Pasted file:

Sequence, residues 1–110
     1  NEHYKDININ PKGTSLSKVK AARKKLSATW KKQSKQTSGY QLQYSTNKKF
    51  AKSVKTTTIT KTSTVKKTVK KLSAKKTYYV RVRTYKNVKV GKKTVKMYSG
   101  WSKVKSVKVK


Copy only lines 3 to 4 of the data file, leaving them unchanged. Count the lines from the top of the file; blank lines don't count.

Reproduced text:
    51  AKSVKTTTIT KTSTVKKTVK KLSAKKTYYV RVRTYKNVKV GKKTVKMYSG
   101  WSKVKSVKVK